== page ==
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Circular Economy. Sustainability. Zero-Waste


Sustainable Lifestyle and the Individual Journey

We have all heard of a sustainable lifestyle at some point in our lives. However, it may be hard to figure out what exactly a sustainable lifestyle consists of To put it simply, a sustainable lifestyle attempts to reduce an individual’s use of the Earth’s natural resources as well as one’s personal resources. This echoes the most quoted definition of sustainable development, which states: “sustainable development is a development that meets the needs of the present without compromising the ability of future generations to meet their own needs.”

Essentially, sustainability is tied directly to the way we live our lives. By being conscious of our consumption and making efforts to preserve resources for the generations of the future, we can not only live a better life and reduce our carbon footprint while also guaranteeing that our children and grandchildren have the opportunity to live with the same resources that we did.

Now, sustainable development is extremely vital to preserve resources for the future, but the question remains, how exactly do we live a sustainable lifestyle? There is no single action that you can take to get started since sustainability consists of smaller and more personal actions that add up as time goes on.

Reducing your consumption:

Firstly, we must work on reducing our consumption. The Earth and the sea are drowning in the items that we have consumed and thrown away, such as plastic straws, and most recently, disposable masks. Disposability as a trend has skyrocketed in recent years, with more and more items that people use once and then throw away. This leads to an increase in consumption which leads to more resources being used when they can be preserved.

In order to be more sustainable, we must look at the purchases we make and how much we get out of them when compared to the adverse effects they have on the planet. Buying items that are reusable is a much better alternative to using disposable items. For example, we can replace plastic straws with metal straws that can be washed and reused. We can even replace disposable masks with cloth masks that last significantly longer.

Buying organic:

Similarly, buying organic food ensures that the profits go to smaller resellers and farmers rather than to faceless organizations that tamper with the food that we eat. While the prices may be higher when we buy organic, the tradeoff is marginal as organic food has more nutrients and is overall healthier as it is free of chemical fertilizers and antibiotics.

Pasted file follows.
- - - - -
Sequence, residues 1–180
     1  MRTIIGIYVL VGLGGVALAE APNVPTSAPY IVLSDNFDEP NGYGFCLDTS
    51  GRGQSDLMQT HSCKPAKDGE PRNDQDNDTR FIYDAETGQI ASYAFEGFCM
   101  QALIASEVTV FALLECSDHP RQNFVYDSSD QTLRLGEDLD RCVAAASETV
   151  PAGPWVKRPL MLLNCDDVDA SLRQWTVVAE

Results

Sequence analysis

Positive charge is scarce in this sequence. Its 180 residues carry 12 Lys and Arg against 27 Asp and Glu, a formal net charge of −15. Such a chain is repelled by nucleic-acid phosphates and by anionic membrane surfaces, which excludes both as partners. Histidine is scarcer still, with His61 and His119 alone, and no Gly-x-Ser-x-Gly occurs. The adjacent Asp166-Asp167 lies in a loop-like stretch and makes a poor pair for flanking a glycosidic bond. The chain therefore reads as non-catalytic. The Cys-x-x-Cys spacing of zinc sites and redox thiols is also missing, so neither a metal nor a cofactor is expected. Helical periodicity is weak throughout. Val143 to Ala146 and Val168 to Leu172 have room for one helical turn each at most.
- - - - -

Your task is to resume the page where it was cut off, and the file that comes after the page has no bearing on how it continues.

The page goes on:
Supporting small businesses:

However, being sustainable doesn’t mean never buying anything ever again. Smaller businesses are significantly more sustainable than global corporations. Buying something from a small business rather than a large corporation not only supports them but also sets us on the path to a sustainable lifestyle.

By supporting a small business, we support a local community and keep our money within the local economy, supporting people that are passionate about their work and put their own time and energy into creating a product or providing a service. Supporting large corporations means also supporting their carbon emissions, which amount to a quarter of total carbon emissions in the US.

Abolishing fast fashion:

Fast fashion is the mass production of cheap, low-quality, disposable clothing. The fashion industry creates 100 billion items of clothing a year, which is not only an insane number in and of itself, it’s also over 400% more than it produced 20 years ago.

The issue at hand is that clothes are getting cheaper, and their quality is falling with their price. Fashion trends, however, are rising. This means that there is a higher demand for newer, more trendy clothing. The next trend being just around the corner means that people dispose of their clothing much faster, and the poor quality adds fuel to the fire.

This wouldn’t be as much of an issue if the clothes were donated or recycled, but as it currently stands, most clothes get sent to landfills. Clothes take over two centuries to fully decompose, meaning that they continue to harm the environment as they decompose, and more and more clothes are being made and thrown away every year.

In order to be more sustainable, we must be more mindful of the way we treat our clothes. It is always better to buy clothes that will last longer, stay in trend longer, and donate them once we are done with them.

Reducing your waste:

Waste reduction is a great way to be more sustainable. Everything that we throw away causes major problems for the environment. This goes hand in hand with reducing your consumption. If we consume less, we waste less, and we throw less away.

The linear process of buying something new, using it, and then throwing it away is harmful for the environment, but if we don’t throw it away once we use it, and instead use it to make something new, be it something useful or simply an art project, we keep it in circulation for significantly longer and therefore preserve the resources that went into making it in the first place.

Reducing single-use plastic and food waste is a great starting point to the sustainable journey.

To conclude, we must remember that a sustainable lifestyle is a major lifestyle change that lasts for a long time. There is no easy or quick shortcut to being more sustainable, so we must be mindful of every decision we make, every product we purchase, everything we throw away, and make the right choice, and keep trying to do the right thing. This way, slowly and steadily, we will find ourselves living a sustainable lifestyle.

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